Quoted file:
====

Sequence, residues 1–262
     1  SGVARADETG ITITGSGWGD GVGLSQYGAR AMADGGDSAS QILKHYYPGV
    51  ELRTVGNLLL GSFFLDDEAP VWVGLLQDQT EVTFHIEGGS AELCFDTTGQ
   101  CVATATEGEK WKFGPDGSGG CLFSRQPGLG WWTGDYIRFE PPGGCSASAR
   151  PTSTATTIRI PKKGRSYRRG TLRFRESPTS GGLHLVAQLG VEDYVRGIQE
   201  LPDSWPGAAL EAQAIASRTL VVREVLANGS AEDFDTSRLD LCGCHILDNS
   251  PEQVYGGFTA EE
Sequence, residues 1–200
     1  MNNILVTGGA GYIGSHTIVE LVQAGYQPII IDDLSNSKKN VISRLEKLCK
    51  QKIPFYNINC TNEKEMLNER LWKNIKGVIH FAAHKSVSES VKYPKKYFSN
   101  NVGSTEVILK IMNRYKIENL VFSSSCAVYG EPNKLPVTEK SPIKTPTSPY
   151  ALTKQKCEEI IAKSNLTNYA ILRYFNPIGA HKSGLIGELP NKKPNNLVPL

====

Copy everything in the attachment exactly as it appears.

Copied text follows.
Sequence, residues 1–262
     1  SGVARADETG ITITGSGWGD GVGLSQYGAR AMADGGDSAS QILKHYYPGV
    51  ELRTVGNLLL GSFFLDDEAP VWVGLLQDQT EVTFHIEGGS AELCFDTTGQ
   101  CVATATEGEK WKFGPDGSGG CLFSRQPGLG WWTGDYIRFE PPGGCSASAR
   151  PTSTATTIRI PKKGRSYRRG TLRFRESPTS GGLHLVAQLG VEDYVRGIQE
   201  LPDSWPGAAL EAQAIASRTL VVREVLANGS AEDFDTSRLD LCGCHILDNS
   251  PEQVYGGFTA EE
Sequence, residues 1–200
     1  MNNILVTGGA GYIGSHTIVE LVQAGYQPII IDDLSNSKKN VISRLEKLCK
    51  QKIPFYNINC TNEKEMLNER LWKNIKGVIH FAAHKSVSES VKYPKKYFSN
   101  NVGSTEVILK IMNRYKIENL VFSSSCAVYG EPNKLPVTEK SPIKTPTSPY
   151  ALTKQKCEEI IAKSNLTNYA ILRYFNPIGA HKSGLIGELP NKKPNNLVPL